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In the Valley Below primes audience for smashing Airborne Toxic show | The Triangle
Arts & Entertainment

In the Valley Below primes audience for smashing Airborne Toxic show

Have you ever been so early to a show that you caught the opener’s entire set, even though you really only went for the headliner? Was the opener someone you had never heard of before? Was their music so boringly mediocre that you almost wanted to leave and come back when they were done? It’s a miserable feeling, having paid for a ticket to stand in front of a band that is actively making you more bored than you would be if you weren’t watching them. You kind of want to sit down on the floor and see if you can take a nap.

Photo courtesy: MCT Campus
Photo courtesy: MCT Campus

Fortunately, this wasn’t the case for the show at the Electric Factory Oct. 3, headlined by The Airborne Toxic Event and opened by In the Valley Below. Well, it’s true that I had no idea who the opener was, but they were surprisingly good. Fronted by the tall, dark and brooding duo, Jeffrey Jacob and Angela Gail, the band sounded like Lana Del Ray joined forces with a tamer, more depressed, less nasal Foster the People (in a good way). The band originally gained a little notice on the Internet with their song “Peaches,” off their debut LP “The Belt,” which was released this past summer. Haunting, soothing and catchy, the song shares the same vibe with the rest of the songs on the LP without sounding too much like different variations of the same music.

A good example of this variation would be the song they opened with, titled “Stand Up.” The pace is a little more upbeat, but it is still riddled with catchy vocal harmonies and a killer dark synth-bass line. The crowd was responsive and intrigued from the first song, but what took the cake was definitely the moment Gail took out a chain and started using it as maraca for the song “Searching for a Devil.” Seeming possessed, she gazed into the back of the crowd and rhythmically shook the chains up and down without breaking eye contact with a presumably half-frightened, half-extremely-aroused crowd member. It was creepy and hot at the same time.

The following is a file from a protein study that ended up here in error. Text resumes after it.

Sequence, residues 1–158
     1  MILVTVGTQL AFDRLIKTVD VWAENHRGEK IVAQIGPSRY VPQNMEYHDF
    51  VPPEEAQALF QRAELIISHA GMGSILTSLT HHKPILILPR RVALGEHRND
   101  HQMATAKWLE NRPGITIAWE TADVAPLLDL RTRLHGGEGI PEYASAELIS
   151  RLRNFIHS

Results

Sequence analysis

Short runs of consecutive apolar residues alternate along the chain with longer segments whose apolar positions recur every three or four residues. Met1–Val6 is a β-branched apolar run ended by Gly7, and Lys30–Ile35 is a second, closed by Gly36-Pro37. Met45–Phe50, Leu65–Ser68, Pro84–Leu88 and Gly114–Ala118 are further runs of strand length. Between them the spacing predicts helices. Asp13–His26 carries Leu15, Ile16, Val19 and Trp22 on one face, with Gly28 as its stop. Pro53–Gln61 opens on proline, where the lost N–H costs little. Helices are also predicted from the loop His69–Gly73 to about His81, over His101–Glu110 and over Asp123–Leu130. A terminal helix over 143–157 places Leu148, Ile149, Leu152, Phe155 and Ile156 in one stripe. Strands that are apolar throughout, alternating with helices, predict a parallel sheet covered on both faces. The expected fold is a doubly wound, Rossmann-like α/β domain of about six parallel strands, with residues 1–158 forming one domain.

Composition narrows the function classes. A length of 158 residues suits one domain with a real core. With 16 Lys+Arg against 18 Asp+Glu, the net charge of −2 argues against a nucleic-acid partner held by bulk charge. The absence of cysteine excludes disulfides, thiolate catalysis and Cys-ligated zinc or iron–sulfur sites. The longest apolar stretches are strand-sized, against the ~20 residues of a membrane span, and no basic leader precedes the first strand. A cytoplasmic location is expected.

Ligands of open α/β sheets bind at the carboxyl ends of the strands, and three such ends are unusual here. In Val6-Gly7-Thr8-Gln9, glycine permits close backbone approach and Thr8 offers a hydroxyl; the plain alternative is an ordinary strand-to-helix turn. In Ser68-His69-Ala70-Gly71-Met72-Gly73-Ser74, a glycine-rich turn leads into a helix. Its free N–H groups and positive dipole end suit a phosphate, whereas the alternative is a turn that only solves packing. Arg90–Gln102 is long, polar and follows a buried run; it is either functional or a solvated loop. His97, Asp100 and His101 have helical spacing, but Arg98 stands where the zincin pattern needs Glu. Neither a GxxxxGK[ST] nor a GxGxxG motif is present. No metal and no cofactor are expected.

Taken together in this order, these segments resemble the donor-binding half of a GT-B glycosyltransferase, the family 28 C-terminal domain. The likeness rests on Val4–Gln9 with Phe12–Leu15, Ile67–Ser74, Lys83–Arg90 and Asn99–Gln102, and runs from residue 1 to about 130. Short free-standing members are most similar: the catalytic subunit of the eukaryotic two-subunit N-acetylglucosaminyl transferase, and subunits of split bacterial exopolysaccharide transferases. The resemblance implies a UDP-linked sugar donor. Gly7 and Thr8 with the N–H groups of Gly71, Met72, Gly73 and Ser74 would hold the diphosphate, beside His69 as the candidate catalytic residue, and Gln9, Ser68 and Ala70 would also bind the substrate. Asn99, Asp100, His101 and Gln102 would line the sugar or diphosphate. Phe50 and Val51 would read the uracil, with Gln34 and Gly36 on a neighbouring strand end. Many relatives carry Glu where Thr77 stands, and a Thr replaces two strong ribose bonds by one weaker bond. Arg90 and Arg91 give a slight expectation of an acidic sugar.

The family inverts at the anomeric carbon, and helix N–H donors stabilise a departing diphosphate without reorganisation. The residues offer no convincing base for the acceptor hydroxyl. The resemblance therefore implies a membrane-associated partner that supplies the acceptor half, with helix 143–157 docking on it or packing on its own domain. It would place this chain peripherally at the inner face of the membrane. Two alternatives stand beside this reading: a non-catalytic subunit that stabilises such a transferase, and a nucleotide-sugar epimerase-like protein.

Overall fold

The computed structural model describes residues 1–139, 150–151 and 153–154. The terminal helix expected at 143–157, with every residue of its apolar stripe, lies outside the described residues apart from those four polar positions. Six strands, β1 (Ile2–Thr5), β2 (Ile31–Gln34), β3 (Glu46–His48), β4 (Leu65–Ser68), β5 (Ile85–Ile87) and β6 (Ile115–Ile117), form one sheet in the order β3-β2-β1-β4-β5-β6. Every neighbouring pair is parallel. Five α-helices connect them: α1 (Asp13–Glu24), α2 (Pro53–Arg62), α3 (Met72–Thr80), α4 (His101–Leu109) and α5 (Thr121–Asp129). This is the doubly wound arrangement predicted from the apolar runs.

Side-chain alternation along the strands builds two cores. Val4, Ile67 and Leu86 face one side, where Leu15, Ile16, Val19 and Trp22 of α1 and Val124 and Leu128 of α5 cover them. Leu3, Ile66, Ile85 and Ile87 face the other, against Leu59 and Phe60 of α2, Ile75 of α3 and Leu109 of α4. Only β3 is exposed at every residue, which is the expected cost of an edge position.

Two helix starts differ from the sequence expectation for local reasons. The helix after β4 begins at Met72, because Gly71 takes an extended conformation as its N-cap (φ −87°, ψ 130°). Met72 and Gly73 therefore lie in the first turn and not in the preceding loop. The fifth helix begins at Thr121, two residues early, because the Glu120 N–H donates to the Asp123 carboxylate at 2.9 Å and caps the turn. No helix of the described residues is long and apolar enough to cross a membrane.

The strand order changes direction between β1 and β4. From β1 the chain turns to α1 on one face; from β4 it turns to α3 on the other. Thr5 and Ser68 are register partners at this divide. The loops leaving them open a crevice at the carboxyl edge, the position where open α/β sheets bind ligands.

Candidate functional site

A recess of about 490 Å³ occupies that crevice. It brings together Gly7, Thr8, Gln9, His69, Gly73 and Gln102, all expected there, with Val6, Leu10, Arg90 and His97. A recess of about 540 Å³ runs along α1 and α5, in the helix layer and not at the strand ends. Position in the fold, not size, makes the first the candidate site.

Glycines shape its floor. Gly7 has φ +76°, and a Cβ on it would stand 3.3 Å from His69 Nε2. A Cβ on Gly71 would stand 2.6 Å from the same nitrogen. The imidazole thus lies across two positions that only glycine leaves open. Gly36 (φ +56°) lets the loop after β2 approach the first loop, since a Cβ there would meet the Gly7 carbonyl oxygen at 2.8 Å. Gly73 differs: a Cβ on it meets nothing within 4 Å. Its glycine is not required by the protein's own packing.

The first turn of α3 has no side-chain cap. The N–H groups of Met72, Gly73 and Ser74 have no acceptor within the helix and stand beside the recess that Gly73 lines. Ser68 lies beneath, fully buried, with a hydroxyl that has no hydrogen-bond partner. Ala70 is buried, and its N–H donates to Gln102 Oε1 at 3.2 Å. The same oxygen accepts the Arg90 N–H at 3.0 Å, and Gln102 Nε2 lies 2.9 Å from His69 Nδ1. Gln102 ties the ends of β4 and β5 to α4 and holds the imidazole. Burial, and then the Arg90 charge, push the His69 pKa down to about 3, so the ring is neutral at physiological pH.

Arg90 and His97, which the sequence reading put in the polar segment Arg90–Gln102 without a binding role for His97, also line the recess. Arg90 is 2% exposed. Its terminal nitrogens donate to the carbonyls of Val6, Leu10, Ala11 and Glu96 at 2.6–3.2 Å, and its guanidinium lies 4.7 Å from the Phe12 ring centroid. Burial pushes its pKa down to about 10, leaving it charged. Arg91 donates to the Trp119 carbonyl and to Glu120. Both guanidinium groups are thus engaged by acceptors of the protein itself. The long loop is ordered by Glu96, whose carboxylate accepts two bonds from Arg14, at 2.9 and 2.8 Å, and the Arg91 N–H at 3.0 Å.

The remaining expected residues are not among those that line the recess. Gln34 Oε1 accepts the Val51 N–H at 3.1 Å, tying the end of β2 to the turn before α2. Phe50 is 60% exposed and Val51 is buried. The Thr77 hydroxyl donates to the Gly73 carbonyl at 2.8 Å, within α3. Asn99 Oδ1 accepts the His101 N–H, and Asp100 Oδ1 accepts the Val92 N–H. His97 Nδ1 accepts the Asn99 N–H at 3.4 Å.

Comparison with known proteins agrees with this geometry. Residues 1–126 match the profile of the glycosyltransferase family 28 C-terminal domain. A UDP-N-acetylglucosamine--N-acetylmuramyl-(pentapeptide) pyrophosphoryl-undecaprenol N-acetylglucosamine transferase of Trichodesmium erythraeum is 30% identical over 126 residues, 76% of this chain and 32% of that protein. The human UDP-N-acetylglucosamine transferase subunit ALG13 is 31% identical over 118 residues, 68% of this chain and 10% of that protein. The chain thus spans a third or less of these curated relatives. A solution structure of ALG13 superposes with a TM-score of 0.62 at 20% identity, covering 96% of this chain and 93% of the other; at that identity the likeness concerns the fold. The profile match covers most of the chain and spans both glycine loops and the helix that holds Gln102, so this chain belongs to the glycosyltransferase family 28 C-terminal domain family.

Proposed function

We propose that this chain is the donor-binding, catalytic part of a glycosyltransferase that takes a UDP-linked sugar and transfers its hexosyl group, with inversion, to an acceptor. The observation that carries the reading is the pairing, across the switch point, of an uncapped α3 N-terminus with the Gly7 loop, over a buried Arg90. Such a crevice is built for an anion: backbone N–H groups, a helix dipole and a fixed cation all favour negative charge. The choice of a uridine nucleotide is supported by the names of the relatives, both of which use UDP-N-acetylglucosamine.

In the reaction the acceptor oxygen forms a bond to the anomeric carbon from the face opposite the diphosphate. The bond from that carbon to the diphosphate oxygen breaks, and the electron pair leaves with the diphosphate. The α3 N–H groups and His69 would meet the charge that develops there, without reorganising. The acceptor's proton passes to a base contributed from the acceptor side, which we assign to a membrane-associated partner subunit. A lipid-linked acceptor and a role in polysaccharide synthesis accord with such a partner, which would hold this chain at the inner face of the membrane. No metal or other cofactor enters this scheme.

When The Airborne Toxic Event took to stage, our ears were well-primed and our expectations were high. They started with the fast paced rocker “Welcome to Our Wedding Day,” and we remembered why we came to see them. You can always tell crowd members are engaged when they start getting really snobby about letting anyone get closer than them to the stage. Halfway through the set, front-man Mikel Jollett decided to go on an adventure and climbed one of the speakers to the ledge of the upper VIP deck. “Sorry, I’m trying to play a rock show, I can’t kiss you lady,” he said as everyone in the crowd really hoped he didn’t fall and crush somebody.

My girlfriend and I made a bet on when they would play “Sometime around Midnight.” Let’s be honest, it’s not like they wouldn’t play it. She guessed third-to-last song, and I guessed somewhere in the first few songs or in the encore. By golly, she was right. It was either blind-luck or devil black-magic sorcery. Either way, it was really good. You could tell the band still loved playing it, and the crowd sure still loved hearing it. Everyone left happy.